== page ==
A new study provides the most conclusive evidence yet that COVID-19 can damage the brain, even in people who weren’t severely ill.
The study, published Monday in Nature, used before-and-after brain images of 785 British people, ages 51 to 81, to look for any changes. About half the participants contracted COVID-19 between the scans – mostly when the alpha variant was circulating – which left many people at least temporarily without a sense of smell.
Analysis of the “before” and “after” images from the UK Biobank showed that people infected with COVID-19 had a greater reduction in their brain volumes overall and performed worse on cognitive tests than those who had not been infected.
The 15 participants who were sick enough with COVID-19 to require hospitalization showed the most brain changes, but even those who had much milder disease showed differences, the study found. The oldest participants had more changes on average than younger ones.
The brain areas most affected were those that are related to smell, which makes sense, since many of the people infected around the world lost their sense of smell, said Gwenaëlle Douaud, who led the research.
People who lose their smell for prolonged periods also lose volume in brain areas related to smell. “Lose it or use it,” said Douaud, a neuroscientist at Oxford University.
If smell recovers, usually the brain region does, too, she said.
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Loss of smell is one of the earliest signs of impending illness with diseases such as Parkinson’s and Alzheimer’s, said Dr. Ronald Petersen, who directs the Mayo Clinic Alzheimer’s Disease Research Center and the Mayo Clinic Study of Aging. The olfactory structure involved in smell “lives next door” to a memory structure in the brain, he said.
The cause of the changes hasn’t been determined, but they may partly be the result of the virus entering the brain or causing an inflammatory or immune response that indirectly changes the brain, Douaud said.
It’s possible, she said, that the omicron variant, which seems to have less effect on sense of smell, triggered fewer brain changes than earlier variants, but it’s too soon to know.
Douaud said that because brain changes appeared to increase with age in her group, she thinks younger people will probably have less damage, if any.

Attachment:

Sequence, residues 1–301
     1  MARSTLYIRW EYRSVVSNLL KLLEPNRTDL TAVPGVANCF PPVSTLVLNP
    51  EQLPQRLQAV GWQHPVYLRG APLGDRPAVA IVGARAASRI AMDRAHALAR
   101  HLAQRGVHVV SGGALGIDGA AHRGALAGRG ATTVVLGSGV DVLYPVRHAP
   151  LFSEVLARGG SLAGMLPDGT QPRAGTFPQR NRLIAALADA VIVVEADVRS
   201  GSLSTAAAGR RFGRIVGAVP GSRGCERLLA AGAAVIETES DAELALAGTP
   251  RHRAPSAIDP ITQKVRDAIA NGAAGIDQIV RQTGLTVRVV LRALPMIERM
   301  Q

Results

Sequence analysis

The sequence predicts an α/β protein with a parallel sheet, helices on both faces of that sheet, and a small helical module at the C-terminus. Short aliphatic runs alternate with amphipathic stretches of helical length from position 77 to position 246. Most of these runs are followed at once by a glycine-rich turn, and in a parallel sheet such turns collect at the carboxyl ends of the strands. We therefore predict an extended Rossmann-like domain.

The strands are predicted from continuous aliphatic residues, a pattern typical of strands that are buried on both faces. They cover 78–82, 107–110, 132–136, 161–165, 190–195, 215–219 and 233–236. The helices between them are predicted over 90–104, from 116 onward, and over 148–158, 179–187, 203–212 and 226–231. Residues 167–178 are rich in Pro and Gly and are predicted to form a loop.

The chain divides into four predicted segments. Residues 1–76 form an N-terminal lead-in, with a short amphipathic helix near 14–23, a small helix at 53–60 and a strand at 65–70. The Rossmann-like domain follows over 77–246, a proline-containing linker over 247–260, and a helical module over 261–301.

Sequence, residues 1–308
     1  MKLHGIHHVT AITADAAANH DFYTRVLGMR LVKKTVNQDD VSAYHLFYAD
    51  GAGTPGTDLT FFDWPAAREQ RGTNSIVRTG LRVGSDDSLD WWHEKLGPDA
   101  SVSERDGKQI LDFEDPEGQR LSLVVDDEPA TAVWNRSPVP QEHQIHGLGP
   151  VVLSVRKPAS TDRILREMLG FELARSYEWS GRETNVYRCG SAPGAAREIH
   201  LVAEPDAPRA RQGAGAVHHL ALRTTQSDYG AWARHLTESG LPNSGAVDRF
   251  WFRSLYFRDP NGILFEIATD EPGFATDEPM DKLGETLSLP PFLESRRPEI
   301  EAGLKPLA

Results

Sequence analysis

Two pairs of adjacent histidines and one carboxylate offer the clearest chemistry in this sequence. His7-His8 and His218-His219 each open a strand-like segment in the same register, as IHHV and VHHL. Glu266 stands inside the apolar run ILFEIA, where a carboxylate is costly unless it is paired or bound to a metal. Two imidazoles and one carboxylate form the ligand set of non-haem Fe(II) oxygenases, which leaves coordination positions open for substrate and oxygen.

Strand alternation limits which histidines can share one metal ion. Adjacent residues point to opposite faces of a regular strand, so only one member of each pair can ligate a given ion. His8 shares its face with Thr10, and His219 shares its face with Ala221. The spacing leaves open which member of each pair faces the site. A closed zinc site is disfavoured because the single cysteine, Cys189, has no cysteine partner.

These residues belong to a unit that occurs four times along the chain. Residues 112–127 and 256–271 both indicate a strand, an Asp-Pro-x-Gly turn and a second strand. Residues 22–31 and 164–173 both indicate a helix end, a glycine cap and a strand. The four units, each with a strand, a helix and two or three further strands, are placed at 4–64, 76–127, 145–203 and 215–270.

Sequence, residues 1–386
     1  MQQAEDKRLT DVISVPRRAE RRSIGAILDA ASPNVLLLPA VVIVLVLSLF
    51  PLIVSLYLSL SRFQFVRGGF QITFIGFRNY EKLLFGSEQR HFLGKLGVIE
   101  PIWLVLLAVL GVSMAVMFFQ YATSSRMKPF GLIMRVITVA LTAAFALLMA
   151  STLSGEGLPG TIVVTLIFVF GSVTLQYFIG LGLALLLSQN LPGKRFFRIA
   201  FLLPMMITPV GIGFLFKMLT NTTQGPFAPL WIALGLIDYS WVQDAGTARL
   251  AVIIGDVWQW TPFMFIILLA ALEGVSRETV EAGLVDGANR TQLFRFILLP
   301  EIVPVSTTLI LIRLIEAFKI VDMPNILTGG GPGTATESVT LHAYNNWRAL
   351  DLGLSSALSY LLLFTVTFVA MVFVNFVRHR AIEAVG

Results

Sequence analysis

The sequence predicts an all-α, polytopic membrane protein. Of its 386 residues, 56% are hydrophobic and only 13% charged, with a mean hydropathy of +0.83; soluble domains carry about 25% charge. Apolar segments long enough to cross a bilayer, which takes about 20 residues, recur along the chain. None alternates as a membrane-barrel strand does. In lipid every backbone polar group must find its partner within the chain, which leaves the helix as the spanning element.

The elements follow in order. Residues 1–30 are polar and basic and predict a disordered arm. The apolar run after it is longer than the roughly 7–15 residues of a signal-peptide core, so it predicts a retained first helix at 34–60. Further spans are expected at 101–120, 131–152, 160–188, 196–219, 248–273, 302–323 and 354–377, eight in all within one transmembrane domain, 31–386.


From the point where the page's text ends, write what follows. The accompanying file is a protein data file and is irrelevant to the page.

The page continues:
Dr. George Vavougios, a neuroscientist at the University of Cyprus, said it’s too early to know for certain. Many people who complained of smell loss or distortions after infection were younger or previously healthy.
In his outpatient clinic, he sees no difference in brain fog complaints among people who contracted the alpha, beta or delta variants. Of those with each variant, 40% to 50% noticed cognitive impairments since their infection.
Petersen said he was struck by the fact that even people with milder cases of COVID-19 showed brain changes, and he was surprised that the changes were dramatic enough over five or six months to be detectable on brain scans.
The study spurred him to want to look at brain scans from his own research into aging to see whether he can detect similar changes. “Larger studies could shed light on this,” he said.
It’s unclear whether the changes will reverse. Douaud hopes to rescan the same people in a year or two to learn about long-term effects.
In a year or two, their brains “may have entirely normalized.” Still, she said, “better not to catch (COVID-19), if possible, and better to be vaccinated.”
It will be crucial, Vavougios said, for primary care doctors and specialists to follow their patients who had smell issues from COVID-19 and validate any complaints of brain fog.
‘LIFE-ALTERING’:As millions cope with smell loss from COVID-19, researchers find explanations and possible treatments
There are things people can do to boost their brain’s resilience after a hit from COVID-19, said Patrizia Vannini, a neurologist at Brigham and Women’s Hospital in Boston, who studies the infection’s effect on the brain.
“Although certain factors might make some people more resilient than other, resilience has been shown to involve behaviors, thoughts and actions which everyone can learn and develop,” she said in an email.
Those include forming or maintaining social connections; adopting a healthy lifestyle, including good nutrition, sleep and exercise; seeking help when needed; and embracing “healthy thoughts by keeping things in perspective,” she said.
In a study, Vannini and her colleagues showed that older people had greater resilience during the pandemic when they used approaches such as humor to cope. Those who fared worse gave up trying to deal with the situation.
“To build up your resilience, it is important to not only enhance certain behaviors,” she said, “but also reduce or avoid other behaviors.”
Contact Karen Weintraub at firstname.lastname@example.org.
Health and patient safety coverage at USA TODAY is made possible in part by a grant from the Masimo Foundation for Ethics, Innovation and Competition in Healthcare. The Masimo Foundation does not provide editorial input.
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